Indeed, the “technology owner” may even become the dominant industry professional in the future, through the autonomy unquestionably conferred on them. Indeed, Cui bono [who will benefit] is never a bad question to ask, particularly in a US$10bn global construction software marketplace. Software vendors promise solutions to all manner of construction process inefficiencies, but in doing so they are also redesigning industry structures to fit their technologies. But the confidence (arrogance), that technology developers can capture (and inevitably improve) what we do is never challenged: they are now gurus to the industry, with little sense of history, craft or profession. The consequences of this dominance could be considerable: a built environment constructed to meet the dictates of technology, rather than the manifestation of the imagination, fun, creativity and humanity of a real person. Are we happy about that?
We should therefore consider carefully whose agendas Construction 4.0 is serving. Our industry does more than simply create our built environment, it also employs vast numbers of people who gain both income and self-validation from this process. Construction 4.0 is challenging how we do things, disrupting us, bringing progress at last to our dinosaur of an industry. But who is challenging Construction 4.0? Luckily it’s all still relatively piecemeal, smoke and mirrors are plentiful, and we are not (yet) at the point of no return. But it’s up to professionals to point out that Construction 4.0 has the potential to do harm as well as good. We should all think a little more critically before we add our voices to the current tsunami of technological optimism. It’s a common trope of our industry that people are our biggest asset. Why don’t we try to keep it that way?
Fred Sherratt is the interim deputy dean for research and innovation in the Faculty of Science and Engineering at Anglia Ruskin University
From concrete to steel, how construction makes up the ‘last mile’ of decarbonization
February 16, 2021
As companies and countries worldwide map out how they will hit net-zero emissions by 2050, some elements of the vast shift are relatively straightforward: Cars will go electric; power grids will adopt clean energy.
But when it comes to buildings, engineers and policymakers alike hit a hurdle: Even a house covered with solar panels is likely to contain concrete and steel—some of the most intractable sectors when it comes to emissions. To make truly low-carbon buildings, researchers say we must embrace breakthrough technology, from hydrogen to carbon capture, and explore new ways of designing concrete, industrial products, and even houses themselves.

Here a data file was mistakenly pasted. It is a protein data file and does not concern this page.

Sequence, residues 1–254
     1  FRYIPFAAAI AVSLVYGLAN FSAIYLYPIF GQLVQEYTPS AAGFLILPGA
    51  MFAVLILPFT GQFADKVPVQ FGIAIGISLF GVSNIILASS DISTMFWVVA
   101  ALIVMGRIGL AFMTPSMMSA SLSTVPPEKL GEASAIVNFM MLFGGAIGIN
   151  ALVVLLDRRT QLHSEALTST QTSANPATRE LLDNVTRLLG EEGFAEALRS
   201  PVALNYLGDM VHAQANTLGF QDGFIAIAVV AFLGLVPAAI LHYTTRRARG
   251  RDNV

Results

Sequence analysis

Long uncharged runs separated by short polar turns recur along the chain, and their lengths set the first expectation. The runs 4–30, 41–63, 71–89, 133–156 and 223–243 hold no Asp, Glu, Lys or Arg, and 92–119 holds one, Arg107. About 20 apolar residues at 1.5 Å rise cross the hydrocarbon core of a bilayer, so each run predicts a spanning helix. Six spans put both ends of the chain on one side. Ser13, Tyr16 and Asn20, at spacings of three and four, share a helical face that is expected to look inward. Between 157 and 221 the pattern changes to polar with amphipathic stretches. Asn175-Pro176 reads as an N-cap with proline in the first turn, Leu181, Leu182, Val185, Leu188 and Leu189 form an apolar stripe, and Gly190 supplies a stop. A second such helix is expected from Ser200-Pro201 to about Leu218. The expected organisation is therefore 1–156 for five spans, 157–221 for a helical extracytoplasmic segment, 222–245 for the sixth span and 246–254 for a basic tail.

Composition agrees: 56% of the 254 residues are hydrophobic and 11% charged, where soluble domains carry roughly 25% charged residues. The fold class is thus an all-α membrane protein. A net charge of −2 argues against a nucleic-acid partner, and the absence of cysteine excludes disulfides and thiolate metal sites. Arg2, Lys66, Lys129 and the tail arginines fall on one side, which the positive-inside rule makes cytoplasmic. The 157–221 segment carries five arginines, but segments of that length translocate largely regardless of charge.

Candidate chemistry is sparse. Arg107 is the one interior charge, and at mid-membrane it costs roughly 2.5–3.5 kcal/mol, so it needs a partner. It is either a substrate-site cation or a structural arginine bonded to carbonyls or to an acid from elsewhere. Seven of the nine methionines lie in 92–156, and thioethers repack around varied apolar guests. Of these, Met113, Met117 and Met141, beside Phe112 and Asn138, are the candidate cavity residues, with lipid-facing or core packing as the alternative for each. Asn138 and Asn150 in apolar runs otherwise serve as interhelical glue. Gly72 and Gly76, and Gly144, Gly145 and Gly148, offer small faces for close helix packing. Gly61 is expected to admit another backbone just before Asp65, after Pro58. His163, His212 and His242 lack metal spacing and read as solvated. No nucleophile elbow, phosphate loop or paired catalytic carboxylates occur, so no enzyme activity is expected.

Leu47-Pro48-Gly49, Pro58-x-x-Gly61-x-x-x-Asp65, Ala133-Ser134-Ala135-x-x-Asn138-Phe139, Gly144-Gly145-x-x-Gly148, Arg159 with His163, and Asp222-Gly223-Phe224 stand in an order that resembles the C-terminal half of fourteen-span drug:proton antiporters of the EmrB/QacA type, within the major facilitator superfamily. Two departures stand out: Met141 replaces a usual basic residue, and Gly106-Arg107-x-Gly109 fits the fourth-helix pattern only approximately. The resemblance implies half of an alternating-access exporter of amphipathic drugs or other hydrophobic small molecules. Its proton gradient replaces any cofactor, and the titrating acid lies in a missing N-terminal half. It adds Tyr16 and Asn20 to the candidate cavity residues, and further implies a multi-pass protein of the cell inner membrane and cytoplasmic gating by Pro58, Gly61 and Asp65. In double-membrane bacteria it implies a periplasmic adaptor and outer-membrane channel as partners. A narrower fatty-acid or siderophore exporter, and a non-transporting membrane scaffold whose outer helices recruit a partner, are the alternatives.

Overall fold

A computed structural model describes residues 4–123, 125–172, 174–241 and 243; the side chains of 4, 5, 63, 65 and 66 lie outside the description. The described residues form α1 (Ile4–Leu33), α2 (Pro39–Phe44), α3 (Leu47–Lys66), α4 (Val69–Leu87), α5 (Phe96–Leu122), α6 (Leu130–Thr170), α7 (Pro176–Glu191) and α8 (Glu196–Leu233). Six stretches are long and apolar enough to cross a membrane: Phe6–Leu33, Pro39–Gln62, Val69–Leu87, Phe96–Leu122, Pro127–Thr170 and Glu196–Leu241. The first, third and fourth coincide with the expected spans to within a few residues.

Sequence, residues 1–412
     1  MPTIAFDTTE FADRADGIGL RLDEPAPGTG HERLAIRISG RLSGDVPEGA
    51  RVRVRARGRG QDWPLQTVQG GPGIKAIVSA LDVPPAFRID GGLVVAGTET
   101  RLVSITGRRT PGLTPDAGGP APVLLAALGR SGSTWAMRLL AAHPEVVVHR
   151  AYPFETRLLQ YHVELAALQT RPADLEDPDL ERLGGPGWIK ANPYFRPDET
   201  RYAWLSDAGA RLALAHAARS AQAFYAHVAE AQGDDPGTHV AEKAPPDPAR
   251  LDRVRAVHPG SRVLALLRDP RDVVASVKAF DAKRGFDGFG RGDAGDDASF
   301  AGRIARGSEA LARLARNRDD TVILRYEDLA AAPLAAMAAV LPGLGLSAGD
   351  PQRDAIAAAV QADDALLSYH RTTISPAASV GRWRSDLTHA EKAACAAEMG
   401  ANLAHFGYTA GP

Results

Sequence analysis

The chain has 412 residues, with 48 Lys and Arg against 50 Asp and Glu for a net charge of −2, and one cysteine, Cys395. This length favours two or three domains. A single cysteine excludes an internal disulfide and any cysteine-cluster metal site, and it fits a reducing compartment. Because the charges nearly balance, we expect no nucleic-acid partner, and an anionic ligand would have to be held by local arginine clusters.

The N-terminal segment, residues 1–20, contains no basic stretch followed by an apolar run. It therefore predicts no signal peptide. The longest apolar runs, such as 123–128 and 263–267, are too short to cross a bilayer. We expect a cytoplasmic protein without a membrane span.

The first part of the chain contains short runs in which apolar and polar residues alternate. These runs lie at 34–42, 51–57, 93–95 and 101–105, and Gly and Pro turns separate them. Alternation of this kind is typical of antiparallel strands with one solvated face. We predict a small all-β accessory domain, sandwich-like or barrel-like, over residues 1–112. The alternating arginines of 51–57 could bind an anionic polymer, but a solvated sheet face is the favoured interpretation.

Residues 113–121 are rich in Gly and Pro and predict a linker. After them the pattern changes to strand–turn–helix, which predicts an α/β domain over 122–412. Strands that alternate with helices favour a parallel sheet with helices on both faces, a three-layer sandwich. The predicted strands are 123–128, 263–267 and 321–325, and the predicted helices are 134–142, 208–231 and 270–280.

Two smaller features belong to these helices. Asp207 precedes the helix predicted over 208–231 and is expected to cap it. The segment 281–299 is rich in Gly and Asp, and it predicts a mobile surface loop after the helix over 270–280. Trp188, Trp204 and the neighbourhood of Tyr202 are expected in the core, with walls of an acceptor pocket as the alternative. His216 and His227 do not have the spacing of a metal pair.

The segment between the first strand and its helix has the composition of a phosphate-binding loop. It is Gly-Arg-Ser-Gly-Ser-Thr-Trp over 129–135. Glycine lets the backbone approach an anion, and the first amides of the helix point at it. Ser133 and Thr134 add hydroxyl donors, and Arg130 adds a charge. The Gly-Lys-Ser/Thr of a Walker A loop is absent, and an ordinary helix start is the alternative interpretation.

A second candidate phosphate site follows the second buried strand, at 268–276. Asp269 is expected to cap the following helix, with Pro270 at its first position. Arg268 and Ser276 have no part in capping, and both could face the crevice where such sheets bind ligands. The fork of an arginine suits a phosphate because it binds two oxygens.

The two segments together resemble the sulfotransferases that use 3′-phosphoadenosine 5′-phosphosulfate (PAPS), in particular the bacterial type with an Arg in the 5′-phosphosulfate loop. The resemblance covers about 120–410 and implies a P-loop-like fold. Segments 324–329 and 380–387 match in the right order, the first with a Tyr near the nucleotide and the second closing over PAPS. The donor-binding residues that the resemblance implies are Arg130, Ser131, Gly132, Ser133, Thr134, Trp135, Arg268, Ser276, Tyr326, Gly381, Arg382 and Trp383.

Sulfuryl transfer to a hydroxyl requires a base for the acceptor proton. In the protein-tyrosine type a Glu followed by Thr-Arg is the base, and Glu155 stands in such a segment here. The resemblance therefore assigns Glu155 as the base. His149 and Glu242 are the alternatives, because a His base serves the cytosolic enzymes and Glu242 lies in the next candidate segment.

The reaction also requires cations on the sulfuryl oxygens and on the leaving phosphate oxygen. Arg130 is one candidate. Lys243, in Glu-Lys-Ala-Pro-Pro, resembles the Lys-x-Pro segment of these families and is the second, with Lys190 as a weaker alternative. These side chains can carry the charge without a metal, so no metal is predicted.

The stakes are high. Between the energy they consume and their construction, buildings are responsible for nearly 40% of the world’s emissions, according to the International Energy Agency. To truly produce a zero carbon house, office, or shop, every industry involved in its construction and maintenance must be decarbonized first, says Dabo Guan, a professor of climate change economics at University College London’s Bartlett School of Construction and Project Management.
When buildings are constructed, “they trigger the whole economic supply chain,” says Guan. “And the emissions of the supply chain are very big.”
“Like making a cake”
When it comes to concrete, “the only thing we use more as humans is water,” says Jeremy Gregory, executive director of MIT’s Concrete Sustainability Hub.
At the heart of concrete is cement: the key binding agent that turns sand and water into one of the world’s most ubiquitous materials. In 2019, the world produced roughly 4.1 billion tons of cement, according to the IEA. It’s also extremely hard to decarbonize. Cement itself must be formed at extremely high temperatures and is the product of a chemical process that naturally produces carbon dioxide. Collectively, it is responsible for up to 8% of global emissions, says Gregory.
Because it’s extremely difficult to use renewable energy to produce the energy intensity needed for ultrahigh temperatures, truly low-carbon cement will likely rely oncarbon capture, storage, and utilization, which prevents CO2 from being released into the atmosphere, either by injecting it into the ground or—potentially—into the concrete itself.
There is also another approach that could help, says Gregory: diluting, or even replacing, the cement in concrete. These options already exist: The ancient Romans used volcanic ash as a binding agent to make concrete. But it’s possible to use a large number of waste products, including fly ash—a by-product from coal plants. Some blends can reduce the carbon intensity by as much as 70% compared to conventional cement and will produce a product that’s just as good.
It’s “sort of like making a cake,” says Gregory. “You can use whole wheat flour. It’ll still look like a cake. It’ll just taste a little bit different.”
Reduce, reuse, recycle
Steel struggles with some of the same problems as concrete. Mainly, it must be produced at high temperatures, and, to a lesser degree, some CO2 also results from the process. Steel has one advantage—it can more easily be recycled—but that, too, has challenges. There is not enough to meet demand, and reprocessing requires energy, says Richard Curry, a program manager at Sustain, the Future Steel Manufacturing Research Hub based at the University of Swansea in Wales.
Logistically, recycling can be challenging and degrade the quality of the metal. As with concrete, the most feasible solutions are carbon capture, utilization, and storage—even if those are not yet commercially mainstream.
Embracing better design—from buildings to infrastructure to, yes, electric cars—to make them easier to disassemble so that their parts can be accessed and recycled could help, says Cameron Pleydell-Pearce, Sustain’s deputy director.